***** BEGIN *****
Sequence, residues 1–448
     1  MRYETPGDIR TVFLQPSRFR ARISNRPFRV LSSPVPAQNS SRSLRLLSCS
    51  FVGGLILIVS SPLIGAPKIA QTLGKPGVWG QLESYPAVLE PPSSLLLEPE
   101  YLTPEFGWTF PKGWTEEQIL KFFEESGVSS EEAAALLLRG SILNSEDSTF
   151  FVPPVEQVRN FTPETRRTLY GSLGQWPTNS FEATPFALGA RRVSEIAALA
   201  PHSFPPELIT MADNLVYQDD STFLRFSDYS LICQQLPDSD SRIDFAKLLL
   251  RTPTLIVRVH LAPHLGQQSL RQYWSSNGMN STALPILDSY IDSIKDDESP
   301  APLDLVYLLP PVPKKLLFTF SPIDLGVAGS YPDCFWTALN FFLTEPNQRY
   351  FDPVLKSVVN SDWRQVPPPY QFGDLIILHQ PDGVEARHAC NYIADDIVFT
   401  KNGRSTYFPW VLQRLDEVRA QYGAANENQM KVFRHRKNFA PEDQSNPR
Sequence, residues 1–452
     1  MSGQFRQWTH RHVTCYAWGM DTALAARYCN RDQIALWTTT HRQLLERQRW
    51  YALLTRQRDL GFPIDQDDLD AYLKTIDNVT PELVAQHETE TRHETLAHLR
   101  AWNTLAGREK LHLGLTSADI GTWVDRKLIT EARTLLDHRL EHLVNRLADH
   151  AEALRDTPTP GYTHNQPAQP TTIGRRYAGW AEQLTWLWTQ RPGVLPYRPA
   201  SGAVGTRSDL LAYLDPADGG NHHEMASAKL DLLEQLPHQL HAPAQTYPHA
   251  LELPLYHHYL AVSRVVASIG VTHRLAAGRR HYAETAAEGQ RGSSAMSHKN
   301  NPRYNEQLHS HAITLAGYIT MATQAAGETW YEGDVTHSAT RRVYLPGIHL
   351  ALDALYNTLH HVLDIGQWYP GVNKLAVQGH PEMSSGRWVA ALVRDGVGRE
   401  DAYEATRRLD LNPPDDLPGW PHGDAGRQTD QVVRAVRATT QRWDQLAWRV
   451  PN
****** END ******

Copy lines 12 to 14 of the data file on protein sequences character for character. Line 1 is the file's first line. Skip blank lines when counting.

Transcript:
     1  MSGQFRQWTH RHVTCYAWGM DTALAARYCN RDQIALWTTT HRQLLERQRW
    51  YALLTRQRDL GFPIDQDDLD AYLKTIDNVT PELVAQHETE TRHETLAHLR
   101  AWNTLAGREK LHLGLTSADI GTWVDRKLIT EARTLLDHRL EHLVNRLADH